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Vancouver recently became the first Canadian city to promote Meatless Mondays, a campaign that encourages people to go without meat for a full day at the start of every week.
Today Meatless Mondays are encouraged for personal health and climate change awareness, but they didn’t start out that way. The campaign originally began in the United States during World War I as a way to encourage people to voluntarily reduce their rations so that there would be enough for troops and those directly affected by the war. A redistribution of food wealth, so to speak. Under the slogan, “Food Will Win the War”, Wheatless Wednesdays were also introduced.
The campaign was reintroduced during World War II as meat and other provisions were being rationed involuntarily. Meatless Mondays seemed unnecessary during the prosperous years that followed the wars. But as scientists started noticing trends in climate change, sources for pollution were sought and found in the meat industry. (There are many sources of pollution, but the meat industry is a huge contributor.)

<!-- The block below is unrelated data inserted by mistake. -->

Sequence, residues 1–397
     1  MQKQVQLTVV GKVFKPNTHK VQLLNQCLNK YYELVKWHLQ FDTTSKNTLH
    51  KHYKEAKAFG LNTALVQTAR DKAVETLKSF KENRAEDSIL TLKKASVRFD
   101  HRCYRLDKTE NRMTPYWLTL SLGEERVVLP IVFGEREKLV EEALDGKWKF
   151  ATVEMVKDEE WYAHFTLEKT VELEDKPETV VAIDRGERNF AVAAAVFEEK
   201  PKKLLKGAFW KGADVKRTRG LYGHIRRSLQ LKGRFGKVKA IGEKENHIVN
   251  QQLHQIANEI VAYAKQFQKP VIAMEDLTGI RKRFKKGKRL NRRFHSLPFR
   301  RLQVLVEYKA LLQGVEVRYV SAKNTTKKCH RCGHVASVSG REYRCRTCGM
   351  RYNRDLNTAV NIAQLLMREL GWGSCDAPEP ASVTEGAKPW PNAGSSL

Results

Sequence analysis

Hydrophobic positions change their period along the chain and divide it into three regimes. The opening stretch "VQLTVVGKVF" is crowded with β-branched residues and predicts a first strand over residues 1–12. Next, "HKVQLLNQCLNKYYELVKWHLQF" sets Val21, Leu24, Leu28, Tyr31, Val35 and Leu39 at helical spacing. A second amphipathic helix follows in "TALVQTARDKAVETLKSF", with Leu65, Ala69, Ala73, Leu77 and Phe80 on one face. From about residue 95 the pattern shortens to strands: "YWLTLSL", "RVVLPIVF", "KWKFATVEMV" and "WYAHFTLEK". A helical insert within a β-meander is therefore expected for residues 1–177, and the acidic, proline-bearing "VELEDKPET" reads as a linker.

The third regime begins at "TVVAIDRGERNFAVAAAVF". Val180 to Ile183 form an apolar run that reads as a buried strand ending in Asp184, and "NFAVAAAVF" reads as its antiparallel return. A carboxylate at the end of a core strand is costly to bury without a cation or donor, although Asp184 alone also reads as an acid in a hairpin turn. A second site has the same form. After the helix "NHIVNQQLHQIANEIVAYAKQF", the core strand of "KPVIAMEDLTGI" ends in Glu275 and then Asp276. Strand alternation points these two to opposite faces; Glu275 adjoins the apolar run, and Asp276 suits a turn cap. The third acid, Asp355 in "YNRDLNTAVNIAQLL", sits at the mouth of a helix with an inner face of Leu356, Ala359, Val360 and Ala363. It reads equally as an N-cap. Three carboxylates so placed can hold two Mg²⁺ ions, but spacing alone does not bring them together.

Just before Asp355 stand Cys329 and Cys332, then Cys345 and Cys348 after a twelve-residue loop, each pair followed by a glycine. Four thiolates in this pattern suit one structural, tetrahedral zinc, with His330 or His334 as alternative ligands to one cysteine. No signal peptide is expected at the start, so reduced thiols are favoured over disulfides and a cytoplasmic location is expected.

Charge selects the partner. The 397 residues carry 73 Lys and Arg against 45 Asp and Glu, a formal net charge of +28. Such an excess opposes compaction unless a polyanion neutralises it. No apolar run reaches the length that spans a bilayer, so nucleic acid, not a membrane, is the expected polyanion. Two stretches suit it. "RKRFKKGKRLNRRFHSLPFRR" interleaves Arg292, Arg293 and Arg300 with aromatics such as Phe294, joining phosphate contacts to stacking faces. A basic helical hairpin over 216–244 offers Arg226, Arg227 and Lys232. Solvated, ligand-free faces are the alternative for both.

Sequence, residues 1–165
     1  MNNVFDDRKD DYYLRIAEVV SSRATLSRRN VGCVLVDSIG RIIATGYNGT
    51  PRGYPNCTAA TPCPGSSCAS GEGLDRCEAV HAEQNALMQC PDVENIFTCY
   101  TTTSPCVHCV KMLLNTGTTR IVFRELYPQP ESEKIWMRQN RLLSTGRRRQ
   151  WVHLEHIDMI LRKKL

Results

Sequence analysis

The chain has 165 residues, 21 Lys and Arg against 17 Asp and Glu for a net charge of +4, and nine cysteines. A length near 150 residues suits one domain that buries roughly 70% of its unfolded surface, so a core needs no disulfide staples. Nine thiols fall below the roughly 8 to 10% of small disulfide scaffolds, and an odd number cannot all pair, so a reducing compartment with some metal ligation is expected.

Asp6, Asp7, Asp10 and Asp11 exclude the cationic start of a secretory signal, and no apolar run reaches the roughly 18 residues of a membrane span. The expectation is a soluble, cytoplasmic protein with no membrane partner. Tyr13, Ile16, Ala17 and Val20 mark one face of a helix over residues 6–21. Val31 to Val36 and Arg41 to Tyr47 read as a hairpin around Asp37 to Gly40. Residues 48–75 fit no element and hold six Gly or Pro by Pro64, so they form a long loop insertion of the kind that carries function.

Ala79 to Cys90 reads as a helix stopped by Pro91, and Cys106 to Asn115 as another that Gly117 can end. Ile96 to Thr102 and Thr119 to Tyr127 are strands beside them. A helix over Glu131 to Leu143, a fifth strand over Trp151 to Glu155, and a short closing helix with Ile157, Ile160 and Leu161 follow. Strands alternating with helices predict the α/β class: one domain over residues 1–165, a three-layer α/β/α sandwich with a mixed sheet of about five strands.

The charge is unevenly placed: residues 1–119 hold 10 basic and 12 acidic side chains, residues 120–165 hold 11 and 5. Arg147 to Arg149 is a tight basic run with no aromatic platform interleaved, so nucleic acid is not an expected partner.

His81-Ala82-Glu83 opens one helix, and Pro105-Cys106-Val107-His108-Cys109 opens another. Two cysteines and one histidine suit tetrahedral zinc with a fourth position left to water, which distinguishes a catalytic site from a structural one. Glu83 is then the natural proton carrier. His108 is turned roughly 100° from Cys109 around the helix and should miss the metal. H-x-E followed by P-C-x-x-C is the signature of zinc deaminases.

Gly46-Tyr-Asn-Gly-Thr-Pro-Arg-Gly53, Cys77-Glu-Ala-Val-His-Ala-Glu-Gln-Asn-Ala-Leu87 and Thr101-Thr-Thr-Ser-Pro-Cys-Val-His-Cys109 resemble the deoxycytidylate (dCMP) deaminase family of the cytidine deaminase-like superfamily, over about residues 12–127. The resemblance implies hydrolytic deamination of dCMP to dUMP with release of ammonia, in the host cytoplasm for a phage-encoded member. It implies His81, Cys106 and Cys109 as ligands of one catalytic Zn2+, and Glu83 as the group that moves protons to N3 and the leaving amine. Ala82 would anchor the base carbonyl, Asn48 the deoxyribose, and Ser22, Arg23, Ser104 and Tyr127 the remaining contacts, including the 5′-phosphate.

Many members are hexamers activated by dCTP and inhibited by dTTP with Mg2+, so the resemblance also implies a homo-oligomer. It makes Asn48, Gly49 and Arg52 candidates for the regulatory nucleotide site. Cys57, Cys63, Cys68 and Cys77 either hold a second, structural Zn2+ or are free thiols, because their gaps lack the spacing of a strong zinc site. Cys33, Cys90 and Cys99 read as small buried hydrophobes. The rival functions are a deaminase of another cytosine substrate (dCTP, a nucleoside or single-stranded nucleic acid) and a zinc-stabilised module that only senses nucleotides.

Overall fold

The campaign was officially introduced back into the modern era in 2003 as a public health initiative in the US. But as the connections between the meat industry and climate change grew stronger, the reasoning for cutting out meat at least once a week became multi-faceted.
Other cities around the world have declared Mondays to be meat-free, with Vancouver following suit as part of its quest to become the greenest city by 2020. So, at the behest of the Vancouver Food Policy Council, the city declared June 10, 2013 as the official Meatless Monday.
While there is some backlash, and the reports that a butcher shop had a spike in sales on the first Meatless Monday, the good thing is that Mondays occur every week and there is plenty of time to get used to the idea.
Of course, diet is a personal choice and we are lucky to have the options we do. But there is irrefutable evidence that too much meat is detrimental to a person’s health and to the planet at large. Meatless meals might seem like torture, but who knows, we might all soon be living on insects anyways.
Elecia Chrunik is Megaphone’s resident food security blogger. Follow her on Twitter @Elecia_C